The NLRB's interpretation does have the advantage of simplicity. It permits time periods to be calculated without reference to a calendar. At least two state courts have endorsed similar interpretations of analogous state law provisions. Wheat State Telephone Co. v. State Corporation Commission, 195 Kan. 268, 403 P.2d 1019 (1965); In re Estate of Iofreda, 241 Minn. 335, 63 N.W.2d 19 (1954); see also 4 C. Wright and A. Miller, Federal Practice and Procedure, Sec. 1171 (1972) (relying on Wheat State and Estate of Iofreda to support a similar interpretation of the federal rules.) However, neither court undertook a detailed analysis of the statutory language in question.
If we were writing on a clean slate, we might be inclined to agree with the Board. However, in Kessler Institute for Rehabilitation v. N.L.R.B., 669 F.2d 138 (3d Cir. 1982), the Third Circuit rejected the N.L.R.B.'s proposed interpretation of Sec. 102.114. The court reasoned that Sec. 102.114 requires that the prescribed time period be calculated by excluding Sundays and legal holidays without reference to the manner of service. Only after that period has been computed does the regulation require the addition of three days if service was effected by mail. 669 F.2d at 141.2
The Third Circuit's interpretation of Sec. 102.114 is certainly permissible. We think it inadvisable to create an inconsistency between the circuits. We therefore adopt the rule of Kessler and hold that the N.L.R.B. erred in refusing to consider Peabody's request for review.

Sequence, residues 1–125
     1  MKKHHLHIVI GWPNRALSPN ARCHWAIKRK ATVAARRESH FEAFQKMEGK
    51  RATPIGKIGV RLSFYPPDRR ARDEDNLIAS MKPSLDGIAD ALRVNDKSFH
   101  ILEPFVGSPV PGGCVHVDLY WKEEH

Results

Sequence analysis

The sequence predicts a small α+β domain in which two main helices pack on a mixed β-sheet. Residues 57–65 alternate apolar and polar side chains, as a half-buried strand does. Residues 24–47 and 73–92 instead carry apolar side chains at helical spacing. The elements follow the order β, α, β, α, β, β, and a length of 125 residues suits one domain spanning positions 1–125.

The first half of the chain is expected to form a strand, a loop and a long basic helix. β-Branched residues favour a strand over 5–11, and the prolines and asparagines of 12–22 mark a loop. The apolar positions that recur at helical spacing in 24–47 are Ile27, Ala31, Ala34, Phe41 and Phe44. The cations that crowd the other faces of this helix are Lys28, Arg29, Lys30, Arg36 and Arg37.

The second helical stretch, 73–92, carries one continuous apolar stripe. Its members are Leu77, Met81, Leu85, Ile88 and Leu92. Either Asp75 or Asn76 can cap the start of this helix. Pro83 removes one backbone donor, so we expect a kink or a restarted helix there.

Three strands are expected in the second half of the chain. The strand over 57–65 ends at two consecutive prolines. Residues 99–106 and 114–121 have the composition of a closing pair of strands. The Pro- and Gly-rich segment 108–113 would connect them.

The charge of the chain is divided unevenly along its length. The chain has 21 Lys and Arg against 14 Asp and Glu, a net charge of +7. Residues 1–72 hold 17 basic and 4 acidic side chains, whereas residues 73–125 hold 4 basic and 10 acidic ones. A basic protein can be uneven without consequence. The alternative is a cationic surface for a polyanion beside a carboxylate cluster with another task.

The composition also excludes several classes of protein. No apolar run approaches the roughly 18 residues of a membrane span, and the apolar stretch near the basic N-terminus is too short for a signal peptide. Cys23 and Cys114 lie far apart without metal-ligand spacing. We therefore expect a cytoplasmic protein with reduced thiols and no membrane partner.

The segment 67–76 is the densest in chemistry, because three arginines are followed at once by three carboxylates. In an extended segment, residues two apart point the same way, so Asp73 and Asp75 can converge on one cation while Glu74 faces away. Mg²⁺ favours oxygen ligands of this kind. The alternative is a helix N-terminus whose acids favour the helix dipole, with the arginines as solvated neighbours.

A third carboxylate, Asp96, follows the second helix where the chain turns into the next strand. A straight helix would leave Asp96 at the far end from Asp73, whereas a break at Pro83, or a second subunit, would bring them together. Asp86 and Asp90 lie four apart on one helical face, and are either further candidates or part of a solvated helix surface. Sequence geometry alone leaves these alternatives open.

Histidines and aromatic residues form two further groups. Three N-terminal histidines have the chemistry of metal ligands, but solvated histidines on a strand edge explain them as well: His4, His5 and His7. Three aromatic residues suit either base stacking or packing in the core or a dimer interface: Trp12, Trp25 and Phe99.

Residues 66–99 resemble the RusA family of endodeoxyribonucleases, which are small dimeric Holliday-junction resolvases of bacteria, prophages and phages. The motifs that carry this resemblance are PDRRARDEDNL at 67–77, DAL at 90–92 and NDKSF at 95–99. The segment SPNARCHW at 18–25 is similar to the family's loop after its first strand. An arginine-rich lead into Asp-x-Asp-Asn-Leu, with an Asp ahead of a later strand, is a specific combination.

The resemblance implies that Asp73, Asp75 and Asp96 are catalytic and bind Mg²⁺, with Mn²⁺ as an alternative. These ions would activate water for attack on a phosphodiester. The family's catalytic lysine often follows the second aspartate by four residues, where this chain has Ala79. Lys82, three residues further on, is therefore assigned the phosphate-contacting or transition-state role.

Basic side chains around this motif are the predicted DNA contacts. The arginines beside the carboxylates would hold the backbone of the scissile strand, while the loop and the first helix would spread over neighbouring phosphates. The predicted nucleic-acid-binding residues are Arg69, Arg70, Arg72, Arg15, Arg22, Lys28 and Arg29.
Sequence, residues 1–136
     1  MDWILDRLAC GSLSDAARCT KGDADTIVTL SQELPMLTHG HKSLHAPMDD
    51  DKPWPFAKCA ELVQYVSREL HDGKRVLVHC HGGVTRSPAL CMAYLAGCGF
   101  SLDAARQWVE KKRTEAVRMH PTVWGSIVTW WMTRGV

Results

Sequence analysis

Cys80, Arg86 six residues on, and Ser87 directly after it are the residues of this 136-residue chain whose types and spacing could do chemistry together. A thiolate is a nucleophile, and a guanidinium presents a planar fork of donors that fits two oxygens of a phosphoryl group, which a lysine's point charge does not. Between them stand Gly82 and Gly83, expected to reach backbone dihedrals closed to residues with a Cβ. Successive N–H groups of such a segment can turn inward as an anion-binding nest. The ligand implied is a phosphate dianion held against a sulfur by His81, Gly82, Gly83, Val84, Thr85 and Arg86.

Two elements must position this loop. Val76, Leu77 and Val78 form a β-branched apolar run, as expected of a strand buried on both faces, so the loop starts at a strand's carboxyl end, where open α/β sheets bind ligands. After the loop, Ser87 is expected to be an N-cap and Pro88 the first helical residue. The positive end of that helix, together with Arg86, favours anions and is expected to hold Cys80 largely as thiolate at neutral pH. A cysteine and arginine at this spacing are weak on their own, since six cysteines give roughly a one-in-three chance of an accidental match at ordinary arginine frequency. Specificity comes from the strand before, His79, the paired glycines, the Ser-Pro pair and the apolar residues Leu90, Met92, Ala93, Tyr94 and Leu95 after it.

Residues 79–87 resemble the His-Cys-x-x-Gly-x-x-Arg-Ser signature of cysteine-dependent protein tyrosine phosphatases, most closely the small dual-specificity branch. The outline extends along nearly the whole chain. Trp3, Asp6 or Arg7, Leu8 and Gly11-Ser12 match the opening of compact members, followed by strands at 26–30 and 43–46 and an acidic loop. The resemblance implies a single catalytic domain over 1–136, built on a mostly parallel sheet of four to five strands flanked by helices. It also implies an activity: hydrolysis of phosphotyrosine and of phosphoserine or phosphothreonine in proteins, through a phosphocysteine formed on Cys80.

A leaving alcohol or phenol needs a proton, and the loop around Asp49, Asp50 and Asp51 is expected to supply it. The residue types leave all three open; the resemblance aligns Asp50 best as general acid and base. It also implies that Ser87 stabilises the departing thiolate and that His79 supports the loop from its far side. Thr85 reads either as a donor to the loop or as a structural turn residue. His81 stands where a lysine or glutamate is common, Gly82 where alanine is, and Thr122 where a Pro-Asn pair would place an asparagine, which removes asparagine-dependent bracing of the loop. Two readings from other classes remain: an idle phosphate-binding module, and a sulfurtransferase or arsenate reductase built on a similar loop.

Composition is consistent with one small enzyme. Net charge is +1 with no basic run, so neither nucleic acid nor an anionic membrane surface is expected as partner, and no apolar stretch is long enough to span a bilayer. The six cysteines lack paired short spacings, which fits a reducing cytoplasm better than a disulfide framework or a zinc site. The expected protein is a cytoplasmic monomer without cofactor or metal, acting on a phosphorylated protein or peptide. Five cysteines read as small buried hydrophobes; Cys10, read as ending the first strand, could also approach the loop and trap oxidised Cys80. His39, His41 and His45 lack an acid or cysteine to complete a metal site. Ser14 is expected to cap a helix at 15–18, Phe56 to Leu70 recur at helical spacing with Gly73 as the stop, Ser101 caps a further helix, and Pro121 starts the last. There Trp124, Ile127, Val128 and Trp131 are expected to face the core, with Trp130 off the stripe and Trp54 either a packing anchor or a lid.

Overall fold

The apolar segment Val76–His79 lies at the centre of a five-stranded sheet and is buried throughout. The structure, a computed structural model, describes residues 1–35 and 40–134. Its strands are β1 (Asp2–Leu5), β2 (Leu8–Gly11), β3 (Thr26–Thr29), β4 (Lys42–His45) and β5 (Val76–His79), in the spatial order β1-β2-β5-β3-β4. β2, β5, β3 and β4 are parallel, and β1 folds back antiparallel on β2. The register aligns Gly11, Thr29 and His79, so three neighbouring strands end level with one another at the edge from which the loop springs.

The petition for enforcement is denied. The petition for review is granted and the matter is remanded to the NLRB for consideration of Peabody's request for review of the Regional Director's supplemental decision of November 12, 1981.
The agreement states, in part: "The Union will not seek to organize or ask recognition for such expected supervisory employees during the life of this contract."
The court refused to defer to the NLRB's interpretation of its own regulation because the issue involved was purely one of law. The NLRB's administrative expertise was not implicated in any way. In addition, the court feared that adoption of the Board's interpretation might have far reaching effects as the language of Sec. 102.114 is almost identical to that of Fed. R. Civ. P. 6(a), Fed. R. Crim. P. 45(a), (e) and Fed.R.App. 25(c)